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Ramadan in Quba – the first mosque

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Thousands of Muslims, from local worshippers to foreign pilgrims, gather at the Quba Mosque to break their fast and take part in Maghreb, Isha and Taraweeh prayers during Ramadan.

Quba was originally a well surrounded by a village. It was inhabited by the Bani Amr tribe. On his way to Madinah, the Prophet stayed at the home of Bani Amr Bin Auf and built a mosque in the area, which he named Quba.

Historical references indicate that the Prophet and his Companions (may Allah be pleased with them) built the mosque in the first year of Hijrah.

Quba Mosque was the first mosque to be built by Muslims. The Prophet himself laid the foundation stone of the mosque and laid its first tiles and his Companions completed it.

The mosque stands out along the Hijrah Road that links Makkah and Madinah. Located about 3.5 km south of the Prophet’s Mosque, the mosque can be seen from quite a distance.

The mosque witnesses an influx of worshippers throughout the year, but the numbers increase in Ramadan.

The Prophet used to visit Quba quite often to pray at the mosque, especially on Saturdays. It is described in the Holy Qur’an as the first mosque founded on piety.

According to a saying of the Prophet, whoever makes ablution at his home, travel to Quba Mosque and pray will receive a reward equal to performing one Umrah.

The Saudi government has given special care to this mosque and reconstructed it in the best form following Islamic architectural designs, considering its stature and position in the minds of Muslims around the world. It is currently the second largest mosque in Madinah after the Prophet’s Mosque.

The first renovation of the mosque took place during the time of Caliph Othman. Later, Caliph Omar Bin Abdul Aziz added a corridor and a minaret to the mosque. It was the first minaret for any mosque in the history of Islam.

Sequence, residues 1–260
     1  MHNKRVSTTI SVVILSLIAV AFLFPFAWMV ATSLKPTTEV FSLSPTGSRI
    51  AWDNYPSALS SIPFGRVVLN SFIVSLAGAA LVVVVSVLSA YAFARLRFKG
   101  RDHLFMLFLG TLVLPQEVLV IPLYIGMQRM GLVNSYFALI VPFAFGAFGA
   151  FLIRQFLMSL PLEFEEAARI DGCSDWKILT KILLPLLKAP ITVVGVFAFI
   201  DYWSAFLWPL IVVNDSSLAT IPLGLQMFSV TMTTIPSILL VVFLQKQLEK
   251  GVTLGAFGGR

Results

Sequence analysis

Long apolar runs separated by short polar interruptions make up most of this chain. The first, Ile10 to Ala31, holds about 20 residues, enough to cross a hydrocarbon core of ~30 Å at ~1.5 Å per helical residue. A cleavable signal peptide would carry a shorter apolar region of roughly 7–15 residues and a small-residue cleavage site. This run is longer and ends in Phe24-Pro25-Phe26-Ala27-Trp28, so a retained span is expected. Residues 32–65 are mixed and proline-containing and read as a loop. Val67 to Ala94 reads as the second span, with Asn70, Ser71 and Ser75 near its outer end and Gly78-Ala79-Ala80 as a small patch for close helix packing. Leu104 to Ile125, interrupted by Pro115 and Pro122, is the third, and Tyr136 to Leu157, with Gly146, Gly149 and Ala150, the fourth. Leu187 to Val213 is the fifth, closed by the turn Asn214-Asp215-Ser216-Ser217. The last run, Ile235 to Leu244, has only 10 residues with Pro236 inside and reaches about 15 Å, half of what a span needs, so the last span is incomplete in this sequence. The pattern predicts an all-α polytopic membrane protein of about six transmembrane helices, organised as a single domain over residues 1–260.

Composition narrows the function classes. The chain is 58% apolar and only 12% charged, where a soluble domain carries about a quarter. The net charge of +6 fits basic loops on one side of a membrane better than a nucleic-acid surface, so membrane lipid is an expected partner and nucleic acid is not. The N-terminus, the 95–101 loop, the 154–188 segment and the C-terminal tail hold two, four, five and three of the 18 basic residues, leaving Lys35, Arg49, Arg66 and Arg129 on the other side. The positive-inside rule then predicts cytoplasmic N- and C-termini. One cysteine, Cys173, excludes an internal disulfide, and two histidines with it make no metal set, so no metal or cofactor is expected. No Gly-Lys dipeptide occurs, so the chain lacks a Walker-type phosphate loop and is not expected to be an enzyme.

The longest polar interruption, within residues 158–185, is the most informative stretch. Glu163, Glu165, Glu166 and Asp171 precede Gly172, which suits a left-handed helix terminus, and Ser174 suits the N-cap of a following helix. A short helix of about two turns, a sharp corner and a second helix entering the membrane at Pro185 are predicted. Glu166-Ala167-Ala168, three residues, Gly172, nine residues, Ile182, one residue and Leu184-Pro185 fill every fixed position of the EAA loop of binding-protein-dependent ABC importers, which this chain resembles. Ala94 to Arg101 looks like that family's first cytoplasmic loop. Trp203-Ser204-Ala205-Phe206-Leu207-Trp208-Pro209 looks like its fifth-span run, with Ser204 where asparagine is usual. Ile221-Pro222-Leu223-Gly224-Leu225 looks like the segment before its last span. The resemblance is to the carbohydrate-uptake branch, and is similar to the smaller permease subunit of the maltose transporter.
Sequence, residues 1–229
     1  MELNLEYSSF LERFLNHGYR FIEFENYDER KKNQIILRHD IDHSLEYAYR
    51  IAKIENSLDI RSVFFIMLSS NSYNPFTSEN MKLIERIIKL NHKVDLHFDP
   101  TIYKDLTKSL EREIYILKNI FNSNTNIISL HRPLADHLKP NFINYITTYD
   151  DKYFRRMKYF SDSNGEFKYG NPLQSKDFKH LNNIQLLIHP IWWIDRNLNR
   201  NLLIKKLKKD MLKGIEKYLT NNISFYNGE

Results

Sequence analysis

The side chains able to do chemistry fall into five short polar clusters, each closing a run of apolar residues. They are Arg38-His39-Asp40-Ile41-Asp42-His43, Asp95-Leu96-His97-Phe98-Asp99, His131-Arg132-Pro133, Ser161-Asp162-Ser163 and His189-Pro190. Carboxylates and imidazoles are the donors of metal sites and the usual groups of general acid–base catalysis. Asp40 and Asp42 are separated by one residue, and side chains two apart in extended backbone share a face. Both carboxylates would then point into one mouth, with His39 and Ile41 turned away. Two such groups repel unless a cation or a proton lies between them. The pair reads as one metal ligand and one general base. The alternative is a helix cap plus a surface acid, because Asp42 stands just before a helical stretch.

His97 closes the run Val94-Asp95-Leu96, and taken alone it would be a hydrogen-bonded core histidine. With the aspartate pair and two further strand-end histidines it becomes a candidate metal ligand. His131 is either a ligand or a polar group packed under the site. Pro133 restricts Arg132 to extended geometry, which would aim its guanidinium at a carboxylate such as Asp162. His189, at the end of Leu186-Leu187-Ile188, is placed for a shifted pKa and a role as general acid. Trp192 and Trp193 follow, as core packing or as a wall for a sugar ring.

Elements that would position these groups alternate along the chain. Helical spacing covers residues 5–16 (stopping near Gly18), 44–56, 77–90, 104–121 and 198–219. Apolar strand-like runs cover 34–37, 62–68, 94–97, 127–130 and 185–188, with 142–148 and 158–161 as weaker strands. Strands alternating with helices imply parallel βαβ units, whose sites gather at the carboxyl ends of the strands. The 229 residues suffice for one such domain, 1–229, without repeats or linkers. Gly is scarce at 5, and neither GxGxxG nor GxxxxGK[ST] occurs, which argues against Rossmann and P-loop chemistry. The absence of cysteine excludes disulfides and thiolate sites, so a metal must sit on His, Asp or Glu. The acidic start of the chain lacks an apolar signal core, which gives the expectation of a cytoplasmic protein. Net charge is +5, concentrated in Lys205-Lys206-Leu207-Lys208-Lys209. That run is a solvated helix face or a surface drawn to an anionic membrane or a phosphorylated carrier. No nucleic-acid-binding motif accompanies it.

In 435 AH (1043 AD), Abu Yaala Al-Hussaini and in 555 AH (1160 AD) Jamaluddin Al-Esfahani renovated the mosque. It was Al-Husaini who constructed a prayer niche known as the “mihrab” in the mosque.

Quba witnessed several successive renovations between the years 671 and 881 AH (1272-1476 AD), all carried out by philanthropists. During the Ottoman period, it was reconstructed several times, the last of which was during the rule of Sultan Abdul Majeed in 1245 AH (1829 AD).

During the Saudi era, Quba’s outside walls were renovated in 1388 AH (1968 AD).

In 1405 AH (1984 AD) King Fahd ordered a massive project to reconstruct the mosque completely, doubling its area. The king inaugurated the opening of the mosque after its expansion two years later.

The modern Quba Mosque is an architectural feat equipped with the latest amenities while maintaining its Islamic character. The mosque has been expanded to accommodate more than 20,000 worshipers.

The mosque was designed with an inner courtyard with several entrances. The northern section is reserved for women worshippers.

In order to preserve the precious heritage, parts of the old mosque was added to the new structure.

The new mosque has four minarets with a height of 47 meters as well as six large domes with a radius of 12 meters each and 56 smaller domes. Its floor is paved with high quality marble while its courtyards have been covered with sunshades to protect worshippers from the sweltering sun.

The Ministry of Haj and Umrah has deployed additional staff at Quba Mosque to provide various services to worshippers during Ramadan.

[Source: Saudi Gazette]
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